Let us look at each section separately: Car Sales ere car sales manager is responsible for essentially three separate and distinct areas: new cars, used cars, and fleet sales. To take the first two, historically there is always a bigger profit to be made from used cars than from new. ‘Used’ cars can mean anything from a five-year-old vehicle to one which has only been owned for six months. An unknowing customer, therefore, intending to purchase a brand new car may be successfully ‘prospected’ by a used-car salesman to buy a six-month-old car before they even get as far as the showroom door.

Behind-the-scenes arguments ensue as to the customer’s intentions and to whom the commission should go, particularly if the customer has always purchased ‘new before. Similar arguments occur within each team as to who the customer ‘belongs’ to: comments such as, ‘She Nas my customer, I talked to her first but Debbie signed her up on my day off- I deserve a percentage’, are frequently heard and in an industry where base salaries are low and made up by commission, are hardly surprising. Sales techniques can range from the subtle to the not so subtle.

Subtle, in that test drives will always take a left-turn route so that the ‘prospect’ does not feel worried or ensure about how a car will perform if they have to turn right across the traffic. Not so subtle is the use of ‘controlled selling techniques where ‘prospects’, on a flimsy excuse of taking the used car for a test drive, find themselves minus keys and diurnally locked in a room until they sign on the dotted line. After-sales This area also tends to fall into two distinct sections: Service and Parts.

The Parts department serves two masters: the general public (be it a selflessness motor mechanic or a private car owner intent on doing his own servicing) and the Service department itself. The Parts manager is under increasing pressure to keep his inventory levels as low as possible and is frequently heard on the telephone trying to borrow essential but slummed parts from other Lifestyle dealers in the region. ere Service technicians are highly trained mechanics who these days have traded in their ring spanners for state-of-the-art computer diagnostics.

They are paid by the number of Jobs they complete. Tailoring is alive and well in the motor industry: each job has a set time allotted to it and listed in the b book Therefore it a technician can ‘beat the book”, not only are they paid tort the umber of hours that it should have taken but they can also go on to another Job. It is not unusual, therefore, for a technician to be paid for seventy-five hours having only physically worked for thirty-nine.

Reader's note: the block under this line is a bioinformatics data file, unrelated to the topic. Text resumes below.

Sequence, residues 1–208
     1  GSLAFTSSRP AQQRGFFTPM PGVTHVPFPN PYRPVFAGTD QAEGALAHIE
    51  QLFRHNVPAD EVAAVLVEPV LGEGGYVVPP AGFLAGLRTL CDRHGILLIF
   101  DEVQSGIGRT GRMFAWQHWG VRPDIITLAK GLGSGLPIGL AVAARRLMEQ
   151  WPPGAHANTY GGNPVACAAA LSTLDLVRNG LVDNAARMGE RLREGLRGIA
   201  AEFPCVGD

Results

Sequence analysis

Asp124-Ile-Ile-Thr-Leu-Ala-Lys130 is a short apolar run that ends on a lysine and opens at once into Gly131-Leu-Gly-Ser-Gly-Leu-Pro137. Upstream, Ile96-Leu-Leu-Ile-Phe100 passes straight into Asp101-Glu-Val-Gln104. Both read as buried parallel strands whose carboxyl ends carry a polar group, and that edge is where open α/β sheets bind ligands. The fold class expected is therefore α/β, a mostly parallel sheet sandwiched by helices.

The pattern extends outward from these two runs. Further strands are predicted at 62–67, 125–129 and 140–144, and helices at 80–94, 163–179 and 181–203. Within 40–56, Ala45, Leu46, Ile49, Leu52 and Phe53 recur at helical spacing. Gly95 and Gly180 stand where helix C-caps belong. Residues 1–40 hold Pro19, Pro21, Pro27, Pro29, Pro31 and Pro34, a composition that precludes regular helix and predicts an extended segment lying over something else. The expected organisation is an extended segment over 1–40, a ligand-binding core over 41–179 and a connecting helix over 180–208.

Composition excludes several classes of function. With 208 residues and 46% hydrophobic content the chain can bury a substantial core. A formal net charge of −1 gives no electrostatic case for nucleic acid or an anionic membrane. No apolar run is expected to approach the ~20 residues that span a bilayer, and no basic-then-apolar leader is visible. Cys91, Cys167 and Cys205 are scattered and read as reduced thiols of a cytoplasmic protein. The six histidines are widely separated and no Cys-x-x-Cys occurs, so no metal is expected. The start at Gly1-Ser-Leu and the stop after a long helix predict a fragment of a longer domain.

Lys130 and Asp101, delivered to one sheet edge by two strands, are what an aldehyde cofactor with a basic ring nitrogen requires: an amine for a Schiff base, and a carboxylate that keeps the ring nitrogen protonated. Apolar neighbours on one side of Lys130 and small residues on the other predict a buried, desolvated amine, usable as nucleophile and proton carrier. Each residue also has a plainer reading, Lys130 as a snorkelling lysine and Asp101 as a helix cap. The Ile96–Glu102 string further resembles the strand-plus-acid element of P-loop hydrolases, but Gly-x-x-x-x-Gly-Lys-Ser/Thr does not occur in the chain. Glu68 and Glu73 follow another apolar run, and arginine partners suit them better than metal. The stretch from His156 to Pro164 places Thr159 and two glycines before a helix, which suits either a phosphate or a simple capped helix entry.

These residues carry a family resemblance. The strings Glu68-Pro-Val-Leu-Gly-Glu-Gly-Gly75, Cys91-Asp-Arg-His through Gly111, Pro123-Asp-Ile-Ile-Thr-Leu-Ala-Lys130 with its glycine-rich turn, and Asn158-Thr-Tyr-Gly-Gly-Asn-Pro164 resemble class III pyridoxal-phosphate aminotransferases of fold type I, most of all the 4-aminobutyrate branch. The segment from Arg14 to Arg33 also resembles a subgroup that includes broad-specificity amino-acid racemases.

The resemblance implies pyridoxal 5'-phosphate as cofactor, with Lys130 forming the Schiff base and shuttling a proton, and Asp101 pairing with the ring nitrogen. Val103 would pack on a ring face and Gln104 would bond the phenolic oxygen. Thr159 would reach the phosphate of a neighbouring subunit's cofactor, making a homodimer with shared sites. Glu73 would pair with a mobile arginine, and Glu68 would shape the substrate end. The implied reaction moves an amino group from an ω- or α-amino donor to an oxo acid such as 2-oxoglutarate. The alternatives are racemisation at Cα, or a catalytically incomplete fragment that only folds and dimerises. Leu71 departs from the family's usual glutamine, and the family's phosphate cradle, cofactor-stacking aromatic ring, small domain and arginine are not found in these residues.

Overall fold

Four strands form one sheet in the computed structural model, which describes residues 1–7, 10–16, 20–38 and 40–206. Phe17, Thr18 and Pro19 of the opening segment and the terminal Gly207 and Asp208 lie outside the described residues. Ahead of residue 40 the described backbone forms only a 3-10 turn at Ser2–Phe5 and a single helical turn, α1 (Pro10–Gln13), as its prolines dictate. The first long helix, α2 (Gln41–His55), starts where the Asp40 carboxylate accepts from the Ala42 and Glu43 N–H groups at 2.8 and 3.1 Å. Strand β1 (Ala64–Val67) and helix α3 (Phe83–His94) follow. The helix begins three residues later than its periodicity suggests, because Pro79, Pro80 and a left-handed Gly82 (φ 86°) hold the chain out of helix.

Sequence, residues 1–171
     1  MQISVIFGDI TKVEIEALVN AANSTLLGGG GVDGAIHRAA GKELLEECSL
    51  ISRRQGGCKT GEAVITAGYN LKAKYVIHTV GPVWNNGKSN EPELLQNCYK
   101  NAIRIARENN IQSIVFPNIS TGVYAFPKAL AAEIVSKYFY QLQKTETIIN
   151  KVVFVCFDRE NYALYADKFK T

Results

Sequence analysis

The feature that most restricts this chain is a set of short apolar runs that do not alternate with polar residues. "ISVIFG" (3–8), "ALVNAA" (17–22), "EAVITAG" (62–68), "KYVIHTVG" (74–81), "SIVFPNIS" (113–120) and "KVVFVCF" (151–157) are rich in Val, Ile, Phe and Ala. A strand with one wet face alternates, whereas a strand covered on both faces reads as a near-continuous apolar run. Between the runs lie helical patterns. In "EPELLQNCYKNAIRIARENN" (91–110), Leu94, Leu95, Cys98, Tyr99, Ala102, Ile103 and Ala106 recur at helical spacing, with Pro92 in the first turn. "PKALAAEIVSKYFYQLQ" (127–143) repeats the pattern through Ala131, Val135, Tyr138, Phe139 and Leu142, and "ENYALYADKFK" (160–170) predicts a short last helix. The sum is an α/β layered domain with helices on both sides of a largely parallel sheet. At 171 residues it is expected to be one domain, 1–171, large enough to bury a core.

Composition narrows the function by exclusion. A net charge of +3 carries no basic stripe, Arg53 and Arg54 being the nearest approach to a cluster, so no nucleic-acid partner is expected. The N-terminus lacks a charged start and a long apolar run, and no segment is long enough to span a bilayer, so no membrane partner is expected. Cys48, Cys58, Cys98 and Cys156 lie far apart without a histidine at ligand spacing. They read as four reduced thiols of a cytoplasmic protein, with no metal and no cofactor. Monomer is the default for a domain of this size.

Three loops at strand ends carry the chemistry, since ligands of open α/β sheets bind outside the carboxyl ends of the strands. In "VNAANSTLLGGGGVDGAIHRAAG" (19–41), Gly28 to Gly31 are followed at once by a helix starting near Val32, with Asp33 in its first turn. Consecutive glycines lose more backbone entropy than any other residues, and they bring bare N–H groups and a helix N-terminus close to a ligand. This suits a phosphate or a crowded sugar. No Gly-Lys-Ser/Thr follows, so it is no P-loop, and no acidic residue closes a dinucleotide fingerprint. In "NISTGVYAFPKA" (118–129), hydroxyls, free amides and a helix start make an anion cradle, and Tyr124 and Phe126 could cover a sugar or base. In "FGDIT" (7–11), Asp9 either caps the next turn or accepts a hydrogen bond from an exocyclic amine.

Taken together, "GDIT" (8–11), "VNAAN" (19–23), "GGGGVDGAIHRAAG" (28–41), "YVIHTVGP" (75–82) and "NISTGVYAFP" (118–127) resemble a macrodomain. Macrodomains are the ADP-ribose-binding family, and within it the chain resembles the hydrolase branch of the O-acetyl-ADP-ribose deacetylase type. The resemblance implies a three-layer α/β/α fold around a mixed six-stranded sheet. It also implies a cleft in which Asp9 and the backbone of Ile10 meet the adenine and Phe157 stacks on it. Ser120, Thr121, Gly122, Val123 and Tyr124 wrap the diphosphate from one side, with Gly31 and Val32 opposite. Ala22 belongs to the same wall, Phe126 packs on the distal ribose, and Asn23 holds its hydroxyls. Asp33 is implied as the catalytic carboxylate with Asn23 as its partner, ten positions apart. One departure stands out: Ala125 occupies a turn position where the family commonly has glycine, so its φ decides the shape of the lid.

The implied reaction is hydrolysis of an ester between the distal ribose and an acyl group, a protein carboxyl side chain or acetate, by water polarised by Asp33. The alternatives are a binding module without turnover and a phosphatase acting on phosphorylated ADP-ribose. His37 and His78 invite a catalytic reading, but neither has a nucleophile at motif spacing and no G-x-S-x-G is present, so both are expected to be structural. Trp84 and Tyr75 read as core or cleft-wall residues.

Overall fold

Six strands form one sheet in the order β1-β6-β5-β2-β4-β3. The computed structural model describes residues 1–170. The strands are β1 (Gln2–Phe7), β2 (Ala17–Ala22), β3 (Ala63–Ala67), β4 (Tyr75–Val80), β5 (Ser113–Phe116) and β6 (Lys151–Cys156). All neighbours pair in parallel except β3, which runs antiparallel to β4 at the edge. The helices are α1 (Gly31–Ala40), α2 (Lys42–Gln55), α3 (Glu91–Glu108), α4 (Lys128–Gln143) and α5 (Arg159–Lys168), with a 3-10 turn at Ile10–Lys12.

Clearly, therefore, there is tension between Northrop and Parts: the former do not want to be held up waiting for a part which the department is trying to locate at another dealership. Against this general background we then have the manufacturer imposing strict controls in all areas from the showroom layout to the procedure for warranty claims. As mentioned, the car industry is a competitive one and Lifestyle have decided to introduce an even greater element of competition by introducing a set of ‘customer care principles’ against which each dealer will be measured.

Ten in total, five for Sales and five for After-sales (but primarily Service), they detail the main stages in a customer transaction and include areas such as ‘manner, tone, and attitude of the salesman’, ‘quality of purchase experience’ and ‘right first time, every time’ for Service. Performance against standards will be measured by customer questionnaires and each dealership will be given their results in a monthly league table for the whole egging. Lifestyle have decided that each dealer who consistently falls below the region average will lose discounts – a not inconsiderable amount of money over the {ear.

After the first quarter’s figures had been issued, Alan Ringworm called a meeting of all staff and explained the results. Overall they were below the group average in the following areas: Customers considered that salesmen were too ‘pushy and they felt that they were abandoned once the deal had been done with them. 0 Service department was experiencing a high level of repeat repairs. Further analysis showed that this was artsy due to standard of work but also due to the fact that the fault could not be immediately rectified because parts were unavailable and had to be ordered.